“…the pound shop Churchill…”

      That is truly inspired! I am very much afraid that I am going to use it myself. (“You will, Oscar, you will”).

    • Blissex

      «Billy Bunter, the pound shop Churchill»

      The tragedy for England is that Winston Churchill was the original pound shop Churchill, deploying bluster and rhetoric to cover the fading and defeat and dismemberment of the English Empire:

      «Churchill was reduced to a subordinate position in the Grand Alliance as early the Teheran Conference in 1943, when he “realised for the first time what a very small country this is”. By Yalta in February 1945, he was “weaker than ever before”. Roosevelt was concerned with Stalin – he “wasted little time on pandering to Churchill, a vaudeville act with which he was becoming bored”.»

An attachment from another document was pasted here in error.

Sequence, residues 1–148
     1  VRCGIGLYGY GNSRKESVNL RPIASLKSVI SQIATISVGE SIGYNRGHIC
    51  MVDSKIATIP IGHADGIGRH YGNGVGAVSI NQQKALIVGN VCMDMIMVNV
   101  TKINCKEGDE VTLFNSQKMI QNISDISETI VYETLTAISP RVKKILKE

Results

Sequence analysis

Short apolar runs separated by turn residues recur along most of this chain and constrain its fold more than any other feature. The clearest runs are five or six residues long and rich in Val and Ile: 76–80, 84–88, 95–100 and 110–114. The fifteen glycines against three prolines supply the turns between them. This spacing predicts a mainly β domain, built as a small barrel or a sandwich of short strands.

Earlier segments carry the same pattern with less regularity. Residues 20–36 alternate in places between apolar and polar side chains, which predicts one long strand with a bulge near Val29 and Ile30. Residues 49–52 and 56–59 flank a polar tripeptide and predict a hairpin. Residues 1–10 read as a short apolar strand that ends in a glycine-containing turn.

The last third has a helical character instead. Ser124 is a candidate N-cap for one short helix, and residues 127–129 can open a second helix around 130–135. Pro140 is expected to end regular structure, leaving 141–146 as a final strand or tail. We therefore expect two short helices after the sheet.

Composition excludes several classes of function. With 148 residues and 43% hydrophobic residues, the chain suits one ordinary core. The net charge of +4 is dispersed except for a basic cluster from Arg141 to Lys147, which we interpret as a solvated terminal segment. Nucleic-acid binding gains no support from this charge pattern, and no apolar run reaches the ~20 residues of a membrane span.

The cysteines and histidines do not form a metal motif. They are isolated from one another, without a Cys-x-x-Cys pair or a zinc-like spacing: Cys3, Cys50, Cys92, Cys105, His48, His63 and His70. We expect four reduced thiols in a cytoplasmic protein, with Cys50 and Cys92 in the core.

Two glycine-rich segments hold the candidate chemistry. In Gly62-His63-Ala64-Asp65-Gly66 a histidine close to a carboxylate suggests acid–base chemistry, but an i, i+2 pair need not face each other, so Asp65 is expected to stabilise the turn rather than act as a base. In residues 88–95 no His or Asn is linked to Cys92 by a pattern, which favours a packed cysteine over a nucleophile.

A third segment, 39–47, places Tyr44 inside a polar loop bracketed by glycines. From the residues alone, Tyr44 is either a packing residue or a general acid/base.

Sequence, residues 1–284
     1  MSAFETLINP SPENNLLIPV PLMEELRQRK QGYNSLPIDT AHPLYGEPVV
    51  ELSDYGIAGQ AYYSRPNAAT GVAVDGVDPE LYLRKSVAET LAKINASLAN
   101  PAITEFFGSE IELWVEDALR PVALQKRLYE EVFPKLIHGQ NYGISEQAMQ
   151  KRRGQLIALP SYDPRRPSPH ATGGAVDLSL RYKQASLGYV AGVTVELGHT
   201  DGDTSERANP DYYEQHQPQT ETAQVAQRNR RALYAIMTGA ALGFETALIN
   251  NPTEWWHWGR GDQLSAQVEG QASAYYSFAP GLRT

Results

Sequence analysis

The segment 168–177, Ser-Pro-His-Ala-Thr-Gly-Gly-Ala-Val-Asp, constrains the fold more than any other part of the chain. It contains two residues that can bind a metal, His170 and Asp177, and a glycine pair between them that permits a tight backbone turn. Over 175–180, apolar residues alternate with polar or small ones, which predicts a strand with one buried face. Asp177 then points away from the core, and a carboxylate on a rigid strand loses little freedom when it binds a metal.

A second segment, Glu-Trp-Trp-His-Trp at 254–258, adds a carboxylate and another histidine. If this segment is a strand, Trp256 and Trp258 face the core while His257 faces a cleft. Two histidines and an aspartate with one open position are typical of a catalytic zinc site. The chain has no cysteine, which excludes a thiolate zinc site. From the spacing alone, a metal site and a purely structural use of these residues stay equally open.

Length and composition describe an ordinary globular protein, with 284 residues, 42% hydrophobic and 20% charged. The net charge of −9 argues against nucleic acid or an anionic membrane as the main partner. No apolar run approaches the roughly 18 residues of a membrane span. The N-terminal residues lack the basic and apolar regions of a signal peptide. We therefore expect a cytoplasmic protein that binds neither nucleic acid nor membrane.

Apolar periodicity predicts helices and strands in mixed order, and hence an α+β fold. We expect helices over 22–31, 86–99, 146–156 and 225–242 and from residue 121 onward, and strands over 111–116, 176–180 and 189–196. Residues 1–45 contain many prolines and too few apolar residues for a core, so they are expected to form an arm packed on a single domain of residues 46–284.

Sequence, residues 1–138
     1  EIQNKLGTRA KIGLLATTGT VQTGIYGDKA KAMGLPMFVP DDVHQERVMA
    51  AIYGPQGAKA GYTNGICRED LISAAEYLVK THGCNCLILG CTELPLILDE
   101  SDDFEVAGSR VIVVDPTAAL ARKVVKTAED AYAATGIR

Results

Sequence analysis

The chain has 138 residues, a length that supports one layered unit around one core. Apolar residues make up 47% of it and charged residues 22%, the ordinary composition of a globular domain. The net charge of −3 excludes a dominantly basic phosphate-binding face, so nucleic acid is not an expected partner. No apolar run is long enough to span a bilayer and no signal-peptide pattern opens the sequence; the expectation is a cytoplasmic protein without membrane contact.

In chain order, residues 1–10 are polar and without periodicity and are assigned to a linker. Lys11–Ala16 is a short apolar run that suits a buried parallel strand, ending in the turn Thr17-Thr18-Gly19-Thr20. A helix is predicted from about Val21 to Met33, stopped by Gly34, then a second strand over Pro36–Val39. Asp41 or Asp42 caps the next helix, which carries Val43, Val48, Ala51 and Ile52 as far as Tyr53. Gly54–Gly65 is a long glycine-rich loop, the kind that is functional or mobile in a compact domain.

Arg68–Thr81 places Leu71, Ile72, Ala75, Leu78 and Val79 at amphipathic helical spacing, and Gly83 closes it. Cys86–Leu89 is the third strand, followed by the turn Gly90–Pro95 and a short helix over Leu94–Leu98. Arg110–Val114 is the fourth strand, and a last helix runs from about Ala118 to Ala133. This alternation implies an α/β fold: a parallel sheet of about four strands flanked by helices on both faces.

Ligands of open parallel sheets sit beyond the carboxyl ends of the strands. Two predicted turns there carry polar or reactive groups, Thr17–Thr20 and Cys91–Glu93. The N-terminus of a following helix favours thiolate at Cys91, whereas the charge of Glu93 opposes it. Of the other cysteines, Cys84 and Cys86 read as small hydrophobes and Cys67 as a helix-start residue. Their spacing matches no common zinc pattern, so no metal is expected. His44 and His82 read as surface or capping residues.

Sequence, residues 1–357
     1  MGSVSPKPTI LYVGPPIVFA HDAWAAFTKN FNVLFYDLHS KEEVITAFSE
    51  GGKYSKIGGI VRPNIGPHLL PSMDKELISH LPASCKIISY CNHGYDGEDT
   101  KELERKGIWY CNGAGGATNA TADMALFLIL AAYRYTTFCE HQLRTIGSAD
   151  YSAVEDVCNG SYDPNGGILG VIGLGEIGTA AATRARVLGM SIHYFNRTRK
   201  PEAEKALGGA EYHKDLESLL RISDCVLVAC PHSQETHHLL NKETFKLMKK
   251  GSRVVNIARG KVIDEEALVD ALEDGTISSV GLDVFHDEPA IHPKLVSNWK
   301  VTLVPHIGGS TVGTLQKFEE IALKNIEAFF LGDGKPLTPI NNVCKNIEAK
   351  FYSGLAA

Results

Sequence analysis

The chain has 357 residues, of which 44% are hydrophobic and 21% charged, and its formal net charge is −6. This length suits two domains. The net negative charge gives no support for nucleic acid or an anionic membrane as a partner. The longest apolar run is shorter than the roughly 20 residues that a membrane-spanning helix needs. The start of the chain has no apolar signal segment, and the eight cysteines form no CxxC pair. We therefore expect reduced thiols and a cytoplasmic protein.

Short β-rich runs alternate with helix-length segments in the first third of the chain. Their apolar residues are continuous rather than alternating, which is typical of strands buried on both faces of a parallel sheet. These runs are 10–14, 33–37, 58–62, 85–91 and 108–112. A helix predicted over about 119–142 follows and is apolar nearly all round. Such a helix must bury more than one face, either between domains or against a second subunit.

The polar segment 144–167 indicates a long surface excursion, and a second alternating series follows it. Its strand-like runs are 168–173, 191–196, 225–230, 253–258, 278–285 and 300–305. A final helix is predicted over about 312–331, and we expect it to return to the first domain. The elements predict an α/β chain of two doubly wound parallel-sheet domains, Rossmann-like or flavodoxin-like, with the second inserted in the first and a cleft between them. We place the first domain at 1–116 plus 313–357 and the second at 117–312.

• DunGroanin

      China will vaccinate the RoW by the end of the year. As they said they would earlier in this year. once reaching 60% internal immunity. Fingers crossed. Our clown still being fully protected before activating his ejector seat -having piled the bodies high to build his statue on ! Won’t last a day, if I have my way.

    • Doctor K

      Covid is fighting back at the moment. A concentration in Guangzhou and they locked down several areas. They tested 28 million people there in 12 days. Here in Shenzhen there are a few cases in the north and east, they tested I think the whole 17 million last week and I believe we are going to be tested again this week. A bit of a tightening up on temperature scanning entering buildings and urban villages and Guangdong is quarantined now, but no serious constraint, life has been normal for over a year because when something turns up they don’t muck around, they get on top of it quickly. Incidentally to someone up top going on about totalitarianism and human rights, when I tell my Chinese friends they just roll their eyes.